Klaus Abbink and Gönül Dogan have a horrific new paper. Horrific because despite being in a safe, experimental setting the results are all too realistic:
We introduce the experimental mobbing game. Each player in a group has the option to nominate one of the other players or to nominate no one. If the same person is nominated by all other players, he loses his payoff and the mob gains. We conduct three sets of experiments to study the effects of monetary gains, fear of being mobbed, and different types of focality. In the repeated mobbing game, we find that subjects frequently coordinate on selecting a victim, even for modest gains. Higher gains make mobbing more likely. We find no evidence that fear of becoming the victim explains mobbing. Richer and poorer players are equally focal. Pity plays no role in mobbing decisions. Ingroup members – introduced by colours – are less likely to be victims, and both payoff difference and colour difference serve as strong coordination devices. Commonly employed social preference theories do not explain our findings.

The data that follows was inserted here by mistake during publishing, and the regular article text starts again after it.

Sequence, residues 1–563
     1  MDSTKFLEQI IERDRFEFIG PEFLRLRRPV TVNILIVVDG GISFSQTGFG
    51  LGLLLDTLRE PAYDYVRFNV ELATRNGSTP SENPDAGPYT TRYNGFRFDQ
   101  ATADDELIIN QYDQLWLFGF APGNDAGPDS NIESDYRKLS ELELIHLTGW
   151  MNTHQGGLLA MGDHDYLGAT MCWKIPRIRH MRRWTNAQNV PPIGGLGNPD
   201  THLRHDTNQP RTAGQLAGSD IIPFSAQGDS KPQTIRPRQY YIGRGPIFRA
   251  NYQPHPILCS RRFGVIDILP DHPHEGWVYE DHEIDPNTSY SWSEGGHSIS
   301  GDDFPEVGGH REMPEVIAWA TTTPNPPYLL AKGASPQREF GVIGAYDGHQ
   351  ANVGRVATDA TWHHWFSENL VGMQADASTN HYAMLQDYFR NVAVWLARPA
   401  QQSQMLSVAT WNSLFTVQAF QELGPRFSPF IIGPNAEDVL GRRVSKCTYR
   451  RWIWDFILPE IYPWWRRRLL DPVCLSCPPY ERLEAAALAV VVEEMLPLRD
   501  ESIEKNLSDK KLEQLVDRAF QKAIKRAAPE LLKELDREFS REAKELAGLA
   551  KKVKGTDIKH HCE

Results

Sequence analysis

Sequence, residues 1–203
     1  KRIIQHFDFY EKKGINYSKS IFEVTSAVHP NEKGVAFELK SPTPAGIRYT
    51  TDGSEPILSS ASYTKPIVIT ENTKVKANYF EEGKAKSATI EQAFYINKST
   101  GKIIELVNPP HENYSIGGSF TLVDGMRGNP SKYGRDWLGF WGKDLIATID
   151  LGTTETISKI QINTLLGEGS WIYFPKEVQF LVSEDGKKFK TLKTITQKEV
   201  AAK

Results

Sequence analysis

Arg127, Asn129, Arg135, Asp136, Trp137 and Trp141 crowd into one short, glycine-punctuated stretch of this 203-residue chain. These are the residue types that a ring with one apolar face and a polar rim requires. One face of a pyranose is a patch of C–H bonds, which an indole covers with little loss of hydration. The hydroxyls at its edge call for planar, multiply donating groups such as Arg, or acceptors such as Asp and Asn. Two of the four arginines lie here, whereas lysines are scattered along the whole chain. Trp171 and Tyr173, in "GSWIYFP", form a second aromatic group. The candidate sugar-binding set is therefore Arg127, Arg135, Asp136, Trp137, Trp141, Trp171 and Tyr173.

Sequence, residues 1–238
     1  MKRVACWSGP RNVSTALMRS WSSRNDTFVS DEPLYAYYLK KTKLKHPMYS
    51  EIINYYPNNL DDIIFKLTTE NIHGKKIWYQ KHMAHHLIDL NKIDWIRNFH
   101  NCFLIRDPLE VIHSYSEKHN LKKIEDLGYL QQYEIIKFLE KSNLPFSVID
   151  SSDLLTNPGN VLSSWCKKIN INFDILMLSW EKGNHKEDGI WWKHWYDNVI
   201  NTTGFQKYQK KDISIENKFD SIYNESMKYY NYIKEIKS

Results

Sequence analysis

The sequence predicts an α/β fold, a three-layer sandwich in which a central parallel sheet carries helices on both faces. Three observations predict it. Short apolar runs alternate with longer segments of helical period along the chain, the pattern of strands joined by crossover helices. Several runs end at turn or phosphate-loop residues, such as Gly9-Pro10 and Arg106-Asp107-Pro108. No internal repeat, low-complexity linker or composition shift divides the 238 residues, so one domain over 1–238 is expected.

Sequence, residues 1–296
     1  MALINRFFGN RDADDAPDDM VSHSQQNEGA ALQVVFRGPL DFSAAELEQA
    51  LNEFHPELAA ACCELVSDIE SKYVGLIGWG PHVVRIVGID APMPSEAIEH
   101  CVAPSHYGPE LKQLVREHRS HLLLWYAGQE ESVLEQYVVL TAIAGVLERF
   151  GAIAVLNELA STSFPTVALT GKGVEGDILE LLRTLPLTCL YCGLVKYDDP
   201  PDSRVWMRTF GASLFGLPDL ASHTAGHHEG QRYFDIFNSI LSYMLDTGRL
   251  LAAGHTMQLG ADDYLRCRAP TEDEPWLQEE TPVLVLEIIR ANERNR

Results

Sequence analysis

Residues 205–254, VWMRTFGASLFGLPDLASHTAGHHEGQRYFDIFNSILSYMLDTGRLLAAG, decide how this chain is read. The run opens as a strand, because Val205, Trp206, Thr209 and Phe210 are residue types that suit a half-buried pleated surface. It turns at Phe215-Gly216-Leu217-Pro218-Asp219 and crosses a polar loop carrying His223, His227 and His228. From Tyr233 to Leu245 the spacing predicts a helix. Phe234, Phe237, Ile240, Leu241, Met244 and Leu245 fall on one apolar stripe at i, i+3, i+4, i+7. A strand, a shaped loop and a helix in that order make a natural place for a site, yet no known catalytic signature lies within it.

In short, the authors give experimental participants an opportunity to nominate a victim and redistribute towards themselves. Willingness to do this is common even in cases where the victims lose a lot and the bullies gain only a little. In some cases, the redistribution increases social welfare but these are also the cases where the bullies get a lot. Overall, it’s pretty clear that motivation is greed rather than increased social welfare but it would have been good to have an experiment that distinguished better the greed and social welfare cases. Importantly, distinguishing one of the players by making them poorer/richer/yellow also increased mobbing of that player.
I loved this footnote:
The labels [M,T, G, P] are also a hidden homage to the inmates Mather, Travers, Greenhill and Pearce, who escaped from a Tasmanian prison camp in a group of eight in 1822, only to get lost in the forest. When food ran out, the four conspired to apply the Custom of the Sea to the others. When no-one else was left, they turned to killing and eating one another, until only Pearce survived. All victims were chosen in decidedly non-random ways. This story is one of the great Australian foundation myths, and it was an inspiration for this study (for a dramatic reconstruction, see Van Diemen’s Land (2009)). We are confident that none of our Northern European subjects made that connection.